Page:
Believe It or Not, Slacktivism Works

When lazy social media stands actually pay off.

If you’ve perused Facebook since last Friday you’ve undoubtedly seen the profile pictures of your friends adorned with a ROYGBIV hue to honor the Supreme Court’s landmark decision to uphold same-sex marriage nationwide. More than 26 million users have become so-called slacktivists by changing their profile pictures using the social networking site’s photo editing tool, which is meant to allow users to celebrate pride in an easy way. It’s a part of a larger social media trend to raise awareness for social issues, but does it really make a difference?

In short, yes. It’s small, but you might be moving the needle ever so slightly.

Changing profile pictures or posting messages with hashtags like #LoveWins sounds easy, but pointed messages like that could carry legitimate social clout instead of something like strict policy changes. For instance, Facebook scientists found that a recent campaign by the Human Rights Campaign, which similarly allowed users to swap their profile picture with the HRC’s equal-sign logo, had a positive domino effect among groups of friends. If people saw their friends doing it, they were more likely to change their photo for the cause as well. It’s like an innocent, socially minded peer pressure.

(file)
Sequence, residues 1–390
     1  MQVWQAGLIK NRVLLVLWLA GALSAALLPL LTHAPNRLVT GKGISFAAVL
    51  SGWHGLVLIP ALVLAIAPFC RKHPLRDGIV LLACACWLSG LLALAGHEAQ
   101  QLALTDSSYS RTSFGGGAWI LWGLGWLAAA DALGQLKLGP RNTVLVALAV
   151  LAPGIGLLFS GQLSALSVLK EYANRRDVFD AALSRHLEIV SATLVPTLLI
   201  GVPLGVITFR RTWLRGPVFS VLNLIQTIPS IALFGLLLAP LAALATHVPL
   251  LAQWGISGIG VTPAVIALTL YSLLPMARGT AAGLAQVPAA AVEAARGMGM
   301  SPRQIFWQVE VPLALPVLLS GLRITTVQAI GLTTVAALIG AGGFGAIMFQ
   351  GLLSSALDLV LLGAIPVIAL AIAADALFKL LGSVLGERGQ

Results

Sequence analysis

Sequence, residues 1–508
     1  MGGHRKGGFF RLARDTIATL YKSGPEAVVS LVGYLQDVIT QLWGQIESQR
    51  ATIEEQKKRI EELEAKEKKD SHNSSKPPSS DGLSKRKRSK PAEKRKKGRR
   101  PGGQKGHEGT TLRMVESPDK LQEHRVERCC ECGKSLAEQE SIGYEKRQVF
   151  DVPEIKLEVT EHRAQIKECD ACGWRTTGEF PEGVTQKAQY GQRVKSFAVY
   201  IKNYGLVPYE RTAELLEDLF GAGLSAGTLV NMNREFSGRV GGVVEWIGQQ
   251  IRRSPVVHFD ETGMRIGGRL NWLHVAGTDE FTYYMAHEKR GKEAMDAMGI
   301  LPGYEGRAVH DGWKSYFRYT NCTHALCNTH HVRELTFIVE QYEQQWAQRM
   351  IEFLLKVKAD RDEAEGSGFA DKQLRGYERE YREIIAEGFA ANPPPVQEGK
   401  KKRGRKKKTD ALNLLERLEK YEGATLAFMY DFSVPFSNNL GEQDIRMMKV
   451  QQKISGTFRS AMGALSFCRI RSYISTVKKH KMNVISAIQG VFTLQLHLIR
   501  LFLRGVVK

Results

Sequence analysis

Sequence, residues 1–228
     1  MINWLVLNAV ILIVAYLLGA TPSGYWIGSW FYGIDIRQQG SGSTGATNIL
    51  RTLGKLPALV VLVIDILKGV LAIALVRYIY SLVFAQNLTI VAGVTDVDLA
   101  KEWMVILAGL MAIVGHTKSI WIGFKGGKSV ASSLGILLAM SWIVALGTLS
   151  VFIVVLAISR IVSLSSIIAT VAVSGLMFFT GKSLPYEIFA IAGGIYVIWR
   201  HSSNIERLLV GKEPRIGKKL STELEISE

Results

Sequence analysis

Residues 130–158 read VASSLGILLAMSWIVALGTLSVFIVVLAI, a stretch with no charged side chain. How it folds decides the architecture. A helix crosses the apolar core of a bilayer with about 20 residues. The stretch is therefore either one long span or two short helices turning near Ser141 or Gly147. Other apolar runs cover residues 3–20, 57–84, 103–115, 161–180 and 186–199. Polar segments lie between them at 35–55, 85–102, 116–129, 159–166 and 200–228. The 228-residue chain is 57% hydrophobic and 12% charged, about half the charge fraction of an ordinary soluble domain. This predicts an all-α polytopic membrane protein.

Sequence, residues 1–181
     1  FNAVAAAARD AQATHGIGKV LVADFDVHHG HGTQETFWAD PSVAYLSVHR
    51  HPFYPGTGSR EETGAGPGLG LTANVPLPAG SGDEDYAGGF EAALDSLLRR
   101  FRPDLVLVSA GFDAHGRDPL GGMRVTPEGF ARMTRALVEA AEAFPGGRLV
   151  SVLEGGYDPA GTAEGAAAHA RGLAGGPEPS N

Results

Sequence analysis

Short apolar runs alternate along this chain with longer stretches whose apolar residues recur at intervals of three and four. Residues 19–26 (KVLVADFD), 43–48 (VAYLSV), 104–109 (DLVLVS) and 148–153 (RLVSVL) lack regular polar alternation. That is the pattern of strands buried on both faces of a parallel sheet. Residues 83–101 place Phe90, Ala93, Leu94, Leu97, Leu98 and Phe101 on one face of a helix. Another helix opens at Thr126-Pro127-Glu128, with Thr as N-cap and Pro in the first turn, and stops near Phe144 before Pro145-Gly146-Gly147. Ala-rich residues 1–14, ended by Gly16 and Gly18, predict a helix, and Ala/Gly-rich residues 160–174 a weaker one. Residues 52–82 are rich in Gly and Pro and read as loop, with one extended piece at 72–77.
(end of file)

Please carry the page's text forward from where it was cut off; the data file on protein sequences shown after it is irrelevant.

Slacktivism like that thus added to the social groundswell of support for an issue, all because people simply clicked a button to change a photo.

Most of the transparency is largely dependent on who you follow or who your friends are on social media, though the outliers could still spark a slight movement towards a shifting opinion. Even if you see that one guy from your old calculus class in high school change his avatar or slap up a hashtag, it still forces you to momentarily think about an issue whether you like it or not, and affords the opportunity to engage with it when you otherwise wouldn’t give it the time of day. An LGBT pride-tinted photo is a subtle enough move that it might not piss off gay-marriage opponents, making the incremental gesture a feature, not a bug.

Doing next-to-nothing is still doing something, even if it isn’t necessarily changing policy. Pitch in where you can. Other people in your feed may take notice.